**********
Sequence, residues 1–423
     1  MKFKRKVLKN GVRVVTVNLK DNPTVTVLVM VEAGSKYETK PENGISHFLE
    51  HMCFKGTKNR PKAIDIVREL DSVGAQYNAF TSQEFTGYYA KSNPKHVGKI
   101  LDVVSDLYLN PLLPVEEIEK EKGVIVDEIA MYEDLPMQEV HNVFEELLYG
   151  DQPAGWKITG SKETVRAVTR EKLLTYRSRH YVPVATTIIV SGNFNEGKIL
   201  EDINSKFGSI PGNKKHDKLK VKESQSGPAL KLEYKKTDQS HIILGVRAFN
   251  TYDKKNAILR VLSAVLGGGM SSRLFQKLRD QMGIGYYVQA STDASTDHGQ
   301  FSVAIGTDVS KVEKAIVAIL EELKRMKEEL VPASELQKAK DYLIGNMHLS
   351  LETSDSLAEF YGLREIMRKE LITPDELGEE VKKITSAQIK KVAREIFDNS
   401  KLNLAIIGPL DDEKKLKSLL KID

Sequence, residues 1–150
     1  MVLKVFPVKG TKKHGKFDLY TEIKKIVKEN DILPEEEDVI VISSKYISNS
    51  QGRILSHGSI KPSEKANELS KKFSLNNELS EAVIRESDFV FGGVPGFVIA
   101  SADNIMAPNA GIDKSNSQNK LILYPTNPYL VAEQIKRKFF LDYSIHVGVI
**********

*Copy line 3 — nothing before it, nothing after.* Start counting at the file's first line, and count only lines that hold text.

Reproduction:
    51  HMCFKGTKNR PKAIDIVREL DSVGAQYNAF TSQEFTGYYA KSNPKHVGKI